Engaged Learning

Classmates and teacher
Engage in Learning!

What is student engagement? 

Student engagement is any learning strategy that requires the students to DO the learning; to actively engage in building understanding

Why does student engagement matter?

Student engagement is essential to lasting learning. The empirical evidence from studies of active, or engaged, learning is powerful. John Hattie and his team at Auckland University completed a meta-analysis of 253 studies about active learning. According to their findings, students in “active learning” environments performed a grade and a half better than those placed in control group environments of traditional, teacher-centered instruction.

How do I engage students in their learning?

1.) More student talk; Less teacher talk

Stop being the Sage on the Stage – it doesn’t work! Students in traditional, lecture style instruction retain about 5% of the information they hear. Students that are required to apply knowledge to in-depth processing by teaching others retain as much as 90% of learned material. When using large group instruction, be sure to “pass the pen” (or chalk, dry erase maker, or mouse). Allow students to share the spotlight (and their understanding) throughout the lesson.

2.) Super Signals for Inquiry of Understanding

On some occasions, it is most appropriate to offer teacher led instruction. In those instances, make sure to employ techniques for signaling understanding. Students can utilize poker chips or Solo cups (red, yellow, and green) on desks to signal teachers. These signals not only communicate information to teachers, they allow students to monitor their own understanding of new material. Teachers can also simply ask students to use a thumbs up/ thumbs down/ thumbs to the side signal.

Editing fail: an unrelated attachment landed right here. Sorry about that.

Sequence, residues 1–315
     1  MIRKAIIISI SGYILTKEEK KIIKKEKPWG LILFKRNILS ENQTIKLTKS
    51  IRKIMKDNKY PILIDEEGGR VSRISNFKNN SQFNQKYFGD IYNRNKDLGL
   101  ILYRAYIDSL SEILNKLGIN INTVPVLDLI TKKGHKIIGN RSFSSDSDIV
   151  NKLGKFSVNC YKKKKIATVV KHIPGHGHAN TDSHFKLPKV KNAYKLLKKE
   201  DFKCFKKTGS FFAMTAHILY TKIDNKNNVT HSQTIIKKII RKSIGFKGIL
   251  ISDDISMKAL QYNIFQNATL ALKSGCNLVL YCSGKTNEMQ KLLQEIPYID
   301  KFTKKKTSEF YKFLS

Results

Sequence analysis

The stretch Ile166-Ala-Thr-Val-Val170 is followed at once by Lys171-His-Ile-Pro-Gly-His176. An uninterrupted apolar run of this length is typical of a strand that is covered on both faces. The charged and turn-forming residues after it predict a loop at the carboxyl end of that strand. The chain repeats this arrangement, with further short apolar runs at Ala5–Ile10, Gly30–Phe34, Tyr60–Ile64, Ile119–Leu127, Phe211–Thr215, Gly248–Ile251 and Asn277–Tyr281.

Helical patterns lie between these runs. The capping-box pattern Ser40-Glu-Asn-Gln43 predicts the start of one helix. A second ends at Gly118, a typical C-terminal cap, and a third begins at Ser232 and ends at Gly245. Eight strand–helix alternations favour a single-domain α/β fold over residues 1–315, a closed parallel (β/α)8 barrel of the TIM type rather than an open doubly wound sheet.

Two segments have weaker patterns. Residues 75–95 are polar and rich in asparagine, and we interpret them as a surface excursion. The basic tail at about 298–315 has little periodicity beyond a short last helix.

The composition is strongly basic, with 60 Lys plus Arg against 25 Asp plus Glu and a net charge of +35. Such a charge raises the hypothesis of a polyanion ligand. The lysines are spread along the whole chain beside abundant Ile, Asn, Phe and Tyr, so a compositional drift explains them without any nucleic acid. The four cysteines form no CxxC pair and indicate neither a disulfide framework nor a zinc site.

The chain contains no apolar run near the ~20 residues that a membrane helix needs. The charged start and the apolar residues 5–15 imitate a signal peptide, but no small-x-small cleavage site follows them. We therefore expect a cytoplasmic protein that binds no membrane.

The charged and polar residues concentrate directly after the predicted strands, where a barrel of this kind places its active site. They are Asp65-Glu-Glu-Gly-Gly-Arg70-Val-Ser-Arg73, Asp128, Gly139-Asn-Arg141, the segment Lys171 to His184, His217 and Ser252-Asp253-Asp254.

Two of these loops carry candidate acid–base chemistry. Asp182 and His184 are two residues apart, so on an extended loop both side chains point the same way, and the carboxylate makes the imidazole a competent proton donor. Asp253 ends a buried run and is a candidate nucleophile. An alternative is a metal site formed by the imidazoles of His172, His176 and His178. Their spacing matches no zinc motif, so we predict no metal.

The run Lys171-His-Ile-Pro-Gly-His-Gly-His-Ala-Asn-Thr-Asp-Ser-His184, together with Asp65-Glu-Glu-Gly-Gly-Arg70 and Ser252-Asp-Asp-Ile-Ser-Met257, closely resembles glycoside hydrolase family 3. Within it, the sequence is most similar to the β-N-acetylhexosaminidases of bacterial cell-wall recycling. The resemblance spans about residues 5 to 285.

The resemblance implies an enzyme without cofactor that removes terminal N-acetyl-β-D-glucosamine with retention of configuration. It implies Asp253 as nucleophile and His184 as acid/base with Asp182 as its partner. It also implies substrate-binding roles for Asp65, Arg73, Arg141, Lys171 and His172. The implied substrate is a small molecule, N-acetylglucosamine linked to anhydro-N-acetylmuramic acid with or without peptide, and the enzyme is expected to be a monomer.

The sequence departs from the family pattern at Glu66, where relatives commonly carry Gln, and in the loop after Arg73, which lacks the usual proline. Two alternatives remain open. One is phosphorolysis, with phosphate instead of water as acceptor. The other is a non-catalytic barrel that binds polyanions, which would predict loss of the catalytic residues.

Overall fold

3.) Student-Led Instruction

Whenever possible, encourage students to guide their own learning experiences. Utilize jigsaw methods, small group discussions, problem-based learning, and centers to promote student engagement in the learning experience. Brain science informs these instructional techniques. Increased use of the active learning strategies such as these enhance brain activity, neural connections, and lasting learning. And they are FUN! Students like learning when they are moving, talking, and sharing ideas.

4.) Reflection Rituals

Deep learning occurs when we THINK about what we have learned. Reflection is critical to the learning experience. Use the following strategies to engage students in reflective practice.

One-word SPLASH- write a one-word summary of the lesson

Exit Ticket – To leave class, students must answer a question regarding instruction

Journal Entries – Students write about their understanding

Quick Draw of Learning- an artistic HOTS summary

Collaboration Circles – In teams, students can share their takeaways from the lesson


Most importantly, be ENGAGED with your students! Know where they are in the learning process so that you can help them to move to the next level. When you have relationships with your students, you can vary engaged learning strategies in order to meet the needs of your varied students.


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